Browse Prior Art Database

Dynamic Addressing Scheme Applied to Routing Functions

IP.com Disclosure Number: IPCOM000113894D
Original Publication Date: 1994-Oct-01
Included in the Prior Art Database: 2005-Mar-27
Document File: 4 page(s) / 94K

Publishing Venue

IBM

Related People

Creteny, A: AUTHOR [+5]

Abstract

This paper discloses the implementation of an addressing scheme used in a communication node for routing data packets. A frame-relay frame handler is taken as an example to explain the rationale and to illustrate the solution.

This text was extracted from an ASCII text file.
This is the abbreviated version, containing approximately 52% of the total text.

Dynamic Addressing Scheme Applied to Routing Functions

      This paper discloses the implementation of an addressing scheme
used in a communication node for routing data packets.  A frame-relay
frame handler is taken as an example to explain the rationale and to
illustrate the solution.

      Need for an efficient addressing scheme - The throughput of a
communication node such as a bridge or a router is directly dependent
on the time needed to find out where an incoming data packet is to be
sent.  Generally a fixed length field is to be extracted from the
incoming data unit.  This field is then matched with an entry in a
table where routing information has been stored by some
initialization process.

      The technique for retrieving routing information results from a
tradeoff between hardware cost and efficiency.  For example, hardware
devices such as Contents Addressable Memories (CAM) provide the best
performance at the expense of cost and complexity.  On the other end,
a table search implemented in software results in a much lower cost
but requires careful organization to be efficient.

      Frame-relay example - To illustrate the proposed solution, we
consider a frame-relay Frame Handler equipped with 128 communication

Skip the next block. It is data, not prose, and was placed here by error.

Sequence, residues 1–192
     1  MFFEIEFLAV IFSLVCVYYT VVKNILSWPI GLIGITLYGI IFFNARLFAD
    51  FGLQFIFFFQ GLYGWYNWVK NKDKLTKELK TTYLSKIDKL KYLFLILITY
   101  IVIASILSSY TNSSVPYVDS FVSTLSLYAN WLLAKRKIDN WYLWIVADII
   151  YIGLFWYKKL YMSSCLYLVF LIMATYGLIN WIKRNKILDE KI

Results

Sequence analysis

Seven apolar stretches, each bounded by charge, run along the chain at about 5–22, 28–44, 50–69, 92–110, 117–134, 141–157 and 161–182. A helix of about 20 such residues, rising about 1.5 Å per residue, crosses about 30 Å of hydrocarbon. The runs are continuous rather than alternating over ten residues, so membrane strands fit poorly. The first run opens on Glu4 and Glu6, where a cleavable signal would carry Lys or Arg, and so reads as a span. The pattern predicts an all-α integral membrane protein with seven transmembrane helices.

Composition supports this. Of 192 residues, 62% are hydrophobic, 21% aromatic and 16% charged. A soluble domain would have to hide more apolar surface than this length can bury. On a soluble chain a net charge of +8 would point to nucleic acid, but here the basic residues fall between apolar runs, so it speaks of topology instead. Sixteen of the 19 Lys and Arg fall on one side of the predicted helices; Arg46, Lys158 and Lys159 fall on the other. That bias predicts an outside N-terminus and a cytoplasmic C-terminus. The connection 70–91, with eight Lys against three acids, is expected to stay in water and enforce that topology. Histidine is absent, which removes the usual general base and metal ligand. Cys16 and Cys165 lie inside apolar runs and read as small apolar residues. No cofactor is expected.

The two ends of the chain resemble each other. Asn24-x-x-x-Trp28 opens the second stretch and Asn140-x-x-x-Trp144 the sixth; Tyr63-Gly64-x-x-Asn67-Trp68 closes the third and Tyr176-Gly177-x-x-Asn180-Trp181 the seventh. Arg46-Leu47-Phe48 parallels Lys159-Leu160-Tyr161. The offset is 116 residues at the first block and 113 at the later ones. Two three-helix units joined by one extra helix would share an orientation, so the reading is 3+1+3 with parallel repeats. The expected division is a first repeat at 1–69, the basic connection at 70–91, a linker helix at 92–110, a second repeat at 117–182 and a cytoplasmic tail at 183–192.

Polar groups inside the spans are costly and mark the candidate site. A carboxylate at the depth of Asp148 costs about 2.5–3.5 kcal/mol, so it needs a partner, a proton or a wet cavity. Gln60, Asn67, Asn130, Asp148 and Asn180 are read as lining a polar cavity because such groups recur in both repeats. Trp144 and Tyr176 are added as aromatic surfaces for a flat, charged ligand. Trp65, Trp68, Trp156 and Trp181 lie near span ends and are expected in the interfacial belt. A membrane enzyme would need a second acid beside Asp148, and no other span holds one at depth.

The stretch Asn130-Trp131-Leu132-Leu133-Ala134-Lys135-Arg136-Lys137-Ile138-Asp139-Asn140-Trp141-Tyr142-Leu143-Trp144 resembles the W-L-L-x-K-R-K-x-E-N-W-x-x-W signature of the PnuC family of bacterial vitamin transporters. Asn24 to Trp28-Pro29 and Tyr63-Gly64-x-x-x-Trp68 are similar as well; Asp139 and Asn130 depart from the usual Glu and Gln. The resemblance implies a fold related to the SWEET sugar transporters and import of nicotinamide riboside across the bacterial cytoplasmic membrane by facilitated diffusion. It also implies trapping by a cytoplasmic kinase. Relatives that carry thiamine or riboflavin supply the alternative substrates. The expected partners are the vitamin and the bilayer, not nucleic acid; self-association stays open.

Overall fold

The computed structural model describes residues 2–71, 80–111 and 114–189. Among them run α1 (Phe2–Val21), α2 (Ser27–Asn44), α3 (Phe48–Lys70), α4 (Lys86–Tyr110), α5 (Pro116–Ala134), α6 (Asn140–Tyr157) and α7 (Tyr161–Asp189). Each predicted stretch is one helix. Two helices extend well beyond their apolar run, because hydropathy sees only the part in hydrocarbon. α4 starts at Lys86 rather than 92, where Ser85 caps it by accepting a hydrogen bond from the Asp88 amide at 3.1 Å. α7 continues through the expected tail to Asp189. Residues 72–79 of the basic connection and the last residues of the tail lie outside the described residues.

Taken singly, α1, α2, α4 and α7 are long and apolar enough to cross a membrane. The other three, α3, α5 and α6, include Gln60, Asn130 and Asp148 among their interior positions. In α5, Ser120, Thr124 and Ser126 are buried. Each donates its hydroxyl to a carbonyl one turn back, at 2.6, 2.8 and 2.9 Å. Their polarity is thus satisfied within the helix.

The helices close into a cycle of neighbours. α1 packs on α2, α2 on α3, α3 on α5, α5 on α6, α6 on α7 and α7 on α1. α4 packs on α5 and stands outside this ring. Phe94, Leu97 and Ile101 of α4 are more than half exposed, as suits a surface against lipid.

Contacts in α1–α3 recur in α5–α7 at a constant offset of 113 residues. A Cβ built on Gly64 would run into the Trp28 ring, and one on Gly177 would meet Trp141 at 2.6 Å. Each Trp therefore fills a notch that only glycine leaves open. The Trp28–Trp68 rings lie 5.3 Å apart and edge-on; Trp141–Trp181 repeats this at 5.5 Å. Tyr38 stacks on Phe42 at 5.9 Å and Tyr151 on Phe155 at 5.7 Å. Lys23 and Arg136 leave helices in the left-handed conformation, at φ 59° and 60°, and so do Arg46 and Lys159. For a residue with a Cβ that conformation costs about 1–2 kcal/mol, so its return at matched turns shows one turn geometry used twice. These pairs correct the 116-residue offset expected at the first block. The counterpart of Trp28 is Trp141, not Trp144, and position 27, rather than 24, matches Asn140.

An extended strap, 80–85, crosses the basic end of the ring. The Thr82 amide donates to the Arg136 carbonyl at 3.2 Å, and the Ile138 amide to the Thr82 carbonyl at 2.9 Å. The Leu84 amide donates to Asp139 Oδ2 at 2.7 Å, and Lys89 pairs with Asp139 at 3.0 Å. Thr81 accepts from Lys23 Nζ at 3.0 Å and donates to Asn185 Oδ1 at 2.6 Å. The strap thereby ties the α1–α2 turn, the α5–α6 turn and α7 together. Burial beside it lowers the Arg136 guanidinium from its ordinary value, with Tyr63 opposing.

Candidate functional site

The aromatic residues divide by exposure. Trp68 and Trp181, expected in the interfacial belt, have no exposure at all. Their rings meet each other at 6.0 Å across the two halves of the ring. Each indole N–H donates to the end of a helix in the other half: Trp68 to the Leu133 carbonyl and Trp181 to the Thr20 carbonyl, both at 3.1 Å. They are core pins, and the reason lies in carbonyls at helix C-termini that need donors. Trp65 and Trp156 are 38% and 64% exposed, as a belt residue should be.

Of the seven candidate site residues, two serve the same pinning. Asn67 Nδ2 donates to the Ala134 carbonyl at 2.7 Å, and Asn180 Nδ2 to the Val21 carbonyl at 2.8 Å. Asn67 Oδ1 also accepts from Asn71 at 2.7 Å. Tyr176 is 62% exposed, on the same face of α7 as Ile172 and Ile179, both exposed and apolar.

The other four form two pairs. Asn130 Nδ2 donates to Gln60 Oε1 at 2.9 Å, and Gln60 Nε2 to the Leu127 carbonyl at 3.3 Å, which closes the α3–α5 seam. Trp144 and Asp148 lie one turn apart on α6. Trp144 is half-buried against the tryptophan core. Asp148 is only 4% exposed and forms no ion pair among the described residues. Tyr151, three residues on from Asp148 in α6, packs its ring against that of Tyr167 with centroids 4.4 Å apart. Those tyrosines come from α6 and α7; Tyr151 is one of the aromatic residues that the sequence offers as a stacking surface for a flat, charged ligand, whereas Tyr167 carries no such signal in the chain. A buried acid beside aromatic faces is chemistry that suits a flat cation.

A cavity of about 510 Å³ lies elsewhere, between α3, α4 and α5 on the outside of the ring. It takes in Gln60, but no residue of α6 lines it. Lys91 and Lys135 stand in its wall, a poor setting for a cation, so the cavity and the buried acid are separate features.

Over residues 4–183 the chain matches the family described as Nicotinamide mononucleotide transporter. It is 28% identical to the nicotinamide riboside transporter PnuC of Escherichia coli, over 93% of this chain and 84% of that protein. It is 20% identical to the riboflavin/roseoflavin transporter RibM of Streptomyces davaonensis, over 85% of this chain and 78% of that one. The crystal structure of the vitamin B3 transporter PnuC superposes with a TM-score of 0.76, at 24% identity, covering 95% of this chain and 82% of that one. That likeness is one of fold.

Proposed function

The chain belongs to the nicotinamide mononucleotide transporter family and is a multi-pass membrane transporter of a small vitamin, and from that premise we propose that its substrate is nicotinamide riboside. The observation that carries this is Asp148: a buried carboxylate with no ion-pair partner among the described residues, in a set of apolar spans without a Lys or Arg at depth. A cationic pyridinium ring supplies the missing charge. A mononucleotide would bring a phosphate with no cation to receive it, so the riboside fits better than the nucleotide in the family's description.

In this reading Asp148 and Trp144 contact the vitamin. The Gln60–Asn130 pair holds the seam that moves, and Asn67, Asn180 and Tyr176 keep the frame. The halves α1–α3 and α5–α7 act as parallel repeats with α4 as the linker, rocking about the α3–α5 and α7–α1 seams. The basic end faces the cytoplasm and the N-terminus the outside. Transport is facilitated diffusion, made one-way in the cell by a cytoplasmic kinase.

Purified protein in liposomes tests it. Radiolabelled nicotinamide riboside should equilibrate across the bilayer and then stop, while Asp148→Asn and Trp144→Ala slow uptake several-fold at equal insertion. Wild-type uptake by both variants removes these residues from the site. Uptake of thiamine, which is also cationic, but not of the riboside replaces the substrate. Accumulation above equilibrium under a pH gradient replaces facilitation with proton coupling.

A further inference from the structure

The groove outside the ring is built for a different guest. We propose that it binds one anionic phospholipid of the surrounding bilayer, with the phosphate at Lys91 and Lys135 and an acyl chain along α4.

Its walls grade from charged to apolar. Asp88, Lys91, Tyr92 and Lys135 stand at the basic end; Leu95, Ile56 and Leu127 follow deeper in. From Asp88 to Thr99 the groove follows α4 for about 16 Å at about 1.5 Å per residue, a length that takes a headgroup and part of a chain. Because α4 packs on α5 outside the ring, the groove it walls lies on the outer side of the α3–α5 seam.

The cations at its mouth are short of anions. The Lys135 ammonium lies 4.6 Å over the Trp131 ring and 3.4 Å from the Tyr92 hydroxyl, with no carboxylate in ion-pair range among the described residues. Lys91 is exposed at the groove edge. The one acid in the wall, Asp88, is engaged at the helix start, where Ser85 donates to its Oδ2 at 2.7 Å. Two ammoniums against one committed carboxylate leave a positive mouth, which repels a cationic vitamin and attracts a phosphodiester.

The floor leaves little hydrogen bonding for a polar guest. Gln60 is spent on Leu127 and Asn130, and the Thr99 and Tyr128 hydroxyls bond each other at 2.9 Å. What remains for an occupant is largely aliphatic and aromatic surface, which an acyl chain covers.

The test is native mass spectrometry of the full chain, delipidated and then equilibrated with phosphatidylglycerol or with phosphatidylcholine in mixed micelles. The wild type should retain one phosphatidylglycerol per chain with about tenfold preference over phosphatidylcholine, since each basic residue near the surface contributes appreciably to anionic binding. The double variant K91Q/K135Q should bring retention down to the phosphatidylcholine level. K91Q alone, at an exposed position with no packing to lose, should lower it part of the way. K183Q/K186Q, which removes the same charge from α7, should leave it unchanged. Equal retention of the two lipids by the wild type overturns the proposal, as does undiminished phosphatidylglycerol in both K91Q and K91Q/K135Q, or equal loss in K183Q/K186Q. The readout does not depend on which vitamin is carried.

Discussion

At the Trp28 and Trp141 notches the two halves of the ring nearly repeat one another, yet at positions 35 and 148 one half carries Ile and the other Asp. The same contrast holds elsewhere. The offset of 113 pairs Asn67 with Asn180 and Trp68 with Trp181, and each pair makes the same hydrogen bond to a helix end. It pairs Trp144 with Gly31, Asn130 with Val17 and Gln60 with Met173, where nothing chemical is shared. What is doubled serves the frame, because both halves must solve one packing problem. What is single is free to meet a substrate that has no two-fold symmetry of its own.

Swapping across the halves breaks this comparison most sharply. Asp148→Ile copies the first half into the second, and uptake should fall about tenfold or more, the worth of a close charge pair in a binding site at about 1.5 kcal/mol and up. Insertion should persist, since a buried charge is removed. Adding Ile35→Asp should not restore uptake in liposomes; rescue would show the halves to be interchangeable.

interfaces (hereafter referred to as lines).  On every line a Virtual
Circuit (VC) is identified by its local 10-bit Data Link Channel
Identifier (DLCI).  Thus every frame entering the frame handler
equipment can be linked to its destination VC by the means of a 17
bit identifier - 7-bit line number + 10-bit DLCI.

      A direct table lookup would be very fast but would waste
memory.  It would require an array of about 128000 entries even if
few VCs are active.

      The proposed solution involves two table lookup operations.  It
is based on the fact that DLCI values are not assigned randomly.
Some values are defined for all lines (e.g., DLCI 0 is used for
signalling and maintenance), some are never used (e.g., DLCI x
through y are defined as "reserved" by standards).  Moreover, in the
case of permanent VCs, DLCI assignment can be chosen by the network
administrator in order to optimize the use of equipment resources.

      Data structures - DLCI table:  This 1024-entry table is indexed
by a 10-bit DLCI number.  Every entry contains two fields: an index
and a 2-bit index modifier.  The Table explains the usage of the
index and index modifier fields.

      Routing Information Table (RIT):  Every row of this array
contains all information pertaining to a given VC such as VC status,
destination node, ...  Its detailed contents are beyo...